Gov. Jerry Brown signed a package of bills Oct. 8 addressing a variety of safe drinking water issues in California.
The bills include:
- AB 21 (Alejo), which creates the Safe Drinking Water Small Community Emergency Grant Fund to be administered by the California Department of Public Health;
- AB 30 (Perea), which removes the sunset date for a grant fund providing grants to small communities for the construction of wastewater collection, treatment or disposal projects;
- AB 115 (Perea), which assists small, disadvantaged communities seeking funds to construct clean drinking water infrastructure by allowing multiple water systems to apply for state funds as a single applicant;
- AB 118 (Environmental Safety & Toxic Materials Committee), which declares certain water systems in severely disadvantaged communities as eligible for a grant instead of a loan from the Safe Drinking Water State Revolving Fund;
- AB 240 (Rendon), which requires mutual water companies to comply with open meeting, public record, and budget requirements and allows them to impose liens to collect unpaid charges. It also allows the Water Replenishment District of Southern California to receive specified Department of Public Health grants to improve drinking water infrastructure in communities served by mutual water companies in the City of Maywood;
- AB 803 (Gomez), which modifies the State Water Resources Control Board’s and Regional Water Quality Control Boards' regulation of recycled water.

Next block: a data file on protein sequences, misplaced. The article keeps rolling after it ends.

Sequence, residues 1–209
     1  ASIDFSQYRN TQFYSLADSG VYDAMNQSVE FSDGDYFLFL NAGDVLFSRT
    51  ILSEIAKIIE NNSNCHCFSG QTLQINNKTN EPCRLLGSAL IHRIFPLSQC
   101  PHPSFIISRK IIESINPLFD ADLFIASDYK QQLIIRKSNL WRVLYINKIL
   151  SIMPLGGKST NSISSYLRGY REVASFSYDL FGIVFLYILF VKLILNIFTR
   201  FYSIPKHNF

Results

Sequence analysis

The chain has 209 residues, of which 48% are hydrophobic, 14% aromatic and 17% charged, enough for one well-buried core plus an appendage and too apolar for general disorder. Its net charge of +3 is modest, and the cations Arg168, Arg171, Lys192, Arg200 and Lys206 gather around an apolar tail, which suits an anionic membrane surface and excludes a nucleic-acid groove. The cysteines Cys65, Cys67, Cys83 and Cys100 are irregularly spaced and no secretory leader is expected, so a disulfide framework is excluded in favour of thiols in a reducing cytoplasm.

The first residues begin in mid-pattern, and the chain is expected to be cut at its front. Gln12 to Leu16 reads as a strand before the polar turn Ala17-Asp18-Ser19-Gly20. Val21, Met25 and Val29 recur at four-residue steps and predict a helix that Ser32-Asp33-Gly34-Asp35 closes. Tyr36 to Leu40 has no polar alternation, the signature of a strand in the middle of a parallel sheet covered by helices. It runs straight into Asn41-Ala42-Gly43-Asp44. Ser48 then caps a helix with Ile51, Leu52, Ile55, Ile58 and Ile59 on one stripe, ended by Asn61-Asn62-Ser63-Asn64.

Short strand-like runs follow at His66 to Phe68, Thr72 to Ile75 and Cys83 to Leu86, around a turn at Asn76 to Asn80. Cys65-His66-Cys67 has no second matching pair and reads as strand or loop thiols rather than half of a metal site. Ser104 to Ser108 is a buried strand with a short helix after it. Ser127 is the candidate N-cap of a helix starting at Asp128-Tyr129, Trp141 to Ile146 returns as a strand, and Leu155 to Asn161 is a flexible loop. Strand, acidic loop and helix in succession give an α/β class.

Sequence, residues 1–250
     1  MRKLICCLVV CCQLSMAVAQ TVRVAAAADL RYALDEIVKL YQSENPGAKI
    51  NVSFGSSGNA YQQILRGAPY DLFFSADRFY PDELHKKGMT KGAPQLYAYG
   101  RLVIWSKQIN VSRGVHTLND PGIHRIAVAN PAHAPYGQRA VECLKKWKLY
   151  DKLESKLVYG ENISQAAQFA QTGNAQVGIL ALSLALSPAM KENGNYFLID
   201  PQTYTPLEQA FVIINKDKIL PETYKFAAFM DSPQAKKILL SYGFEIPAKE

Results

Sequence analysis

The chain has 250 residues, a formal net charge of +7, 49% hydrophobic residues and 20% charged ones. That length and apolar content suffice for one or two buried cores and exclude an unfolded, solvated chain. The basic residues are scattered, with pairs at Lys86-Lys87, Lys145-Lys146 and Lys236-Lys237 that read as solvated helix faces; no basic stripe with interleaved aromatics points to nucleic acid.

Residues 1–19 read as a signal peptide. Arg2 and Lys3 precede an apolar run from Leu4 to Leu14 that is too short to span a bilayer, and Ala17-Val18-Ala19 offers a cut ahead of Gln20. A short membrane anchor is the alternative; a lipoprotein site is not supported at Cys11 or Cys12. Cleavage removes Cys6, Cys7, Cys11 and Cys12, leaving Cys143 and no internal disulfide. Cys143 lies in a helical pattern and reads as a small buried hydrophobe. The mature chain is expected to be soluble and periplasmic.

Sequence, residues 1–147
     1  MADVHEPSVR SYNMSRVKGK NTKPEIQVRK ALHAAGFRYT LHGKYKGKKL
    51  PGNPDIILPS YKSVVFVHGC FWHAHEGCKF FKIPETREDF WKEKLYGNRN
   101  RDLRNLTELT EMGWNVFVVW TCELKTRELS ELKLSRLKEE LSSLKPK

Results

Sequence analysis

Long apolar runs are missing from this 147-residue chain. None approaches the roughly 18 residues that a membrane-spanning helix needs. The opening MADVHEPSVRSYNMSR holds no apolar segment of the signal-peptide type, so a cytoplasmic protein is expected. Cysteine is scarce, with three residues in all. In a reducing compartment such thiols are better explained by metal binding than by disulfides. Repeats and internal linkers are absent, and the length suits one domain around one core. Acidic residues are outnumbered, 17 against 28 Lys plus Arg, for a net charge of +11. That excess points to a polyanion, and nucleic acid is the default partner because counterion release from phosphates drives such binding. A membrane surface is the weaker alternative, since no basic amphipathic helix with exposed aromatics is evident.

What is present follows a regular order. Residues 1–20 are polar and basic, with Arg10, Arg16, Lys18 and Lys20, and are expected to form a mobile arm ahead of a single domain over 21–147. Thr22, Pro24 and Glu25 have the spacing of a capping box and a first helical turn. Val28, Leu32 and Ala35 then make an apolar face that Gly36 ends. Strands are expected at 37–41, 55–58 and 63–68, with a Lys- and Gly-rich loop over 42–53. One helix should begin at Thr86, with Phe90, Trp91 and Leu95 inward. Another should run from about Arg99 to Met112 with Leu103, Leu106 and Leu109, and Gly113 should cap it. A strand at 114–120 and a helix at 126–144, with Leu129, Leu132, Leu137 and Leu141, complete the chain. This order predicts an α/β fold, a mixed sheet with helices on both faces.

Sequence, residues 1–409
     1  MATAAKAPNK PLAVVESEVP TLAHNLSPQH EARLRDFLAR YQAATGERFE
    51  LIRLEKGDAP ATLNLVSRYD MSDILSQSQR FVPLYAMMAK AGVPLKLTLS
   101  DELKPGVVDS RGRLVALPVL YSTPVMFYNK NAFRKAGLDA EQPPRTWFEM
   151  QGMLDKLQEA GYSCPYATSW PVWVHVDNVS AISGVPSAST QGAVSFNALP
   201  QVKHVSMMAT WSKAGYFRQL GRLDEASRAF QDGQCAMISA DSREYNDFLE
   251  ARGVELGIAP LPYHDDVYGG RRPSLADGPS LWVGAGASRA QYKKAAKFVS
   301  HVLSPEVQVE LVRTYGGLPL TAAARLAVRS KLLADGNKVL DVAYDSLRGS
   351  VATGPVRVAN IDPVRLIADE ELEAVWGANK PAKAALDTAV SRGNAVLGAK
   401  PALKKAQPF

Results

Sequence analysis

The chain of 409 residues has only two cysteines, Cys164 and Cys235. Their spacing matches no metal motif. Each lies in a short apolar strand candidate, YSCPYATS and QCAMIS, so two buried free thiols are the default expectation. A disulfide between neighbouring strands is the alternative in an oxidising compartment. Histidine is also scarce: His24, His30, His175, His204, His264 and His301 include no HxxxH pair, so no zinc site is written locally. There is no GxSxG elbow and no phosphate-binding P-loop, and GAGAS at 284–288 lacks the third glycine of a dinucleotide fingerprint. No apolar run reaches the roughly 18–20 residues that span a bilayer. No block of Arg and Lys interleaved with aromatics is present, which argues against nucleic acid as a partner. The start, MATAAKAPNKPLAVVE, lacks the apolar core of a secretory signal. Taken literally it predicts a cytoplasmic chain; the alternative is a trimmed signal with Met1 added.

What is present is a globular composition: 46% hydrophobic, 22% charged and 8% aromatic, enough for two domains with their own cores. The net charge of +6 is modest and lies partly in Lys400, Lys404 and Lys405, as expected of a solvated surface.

- SB 322 (Hueso), which requires the Department of Public Health in consultation with the State Water Resources Control Board to investigate the feasibility of developing uniform water recycling criteria for direct potable reuse of recycled water and to provide a final report on that investigation to the Legislature no later than Dec. 31, 2016. It also requires DPH to complete the public review draft of its report by Sept. 1, 2016.
In a signing message for SB 322, the governor said information on criteria for direct potable reuse is “past due” and called recycling the key to creating more high quality water for California. He also signaled his interest in reorganizing the state’s drinking water program under the State Water Resources Control Board.
“In an effort to enhance the use of recycled water, I have proposed the consolidation of the management of the drinking water program and all other water quality programs, including recycled water, under the State Water Board,” the governor wrote.
ACWA supported AB 115, AB 118, AB 803 and SB 322 and had a watch position on the others.
Article originally submitted to ACWA Water News by Lisa Lien-Mager on 10/09/13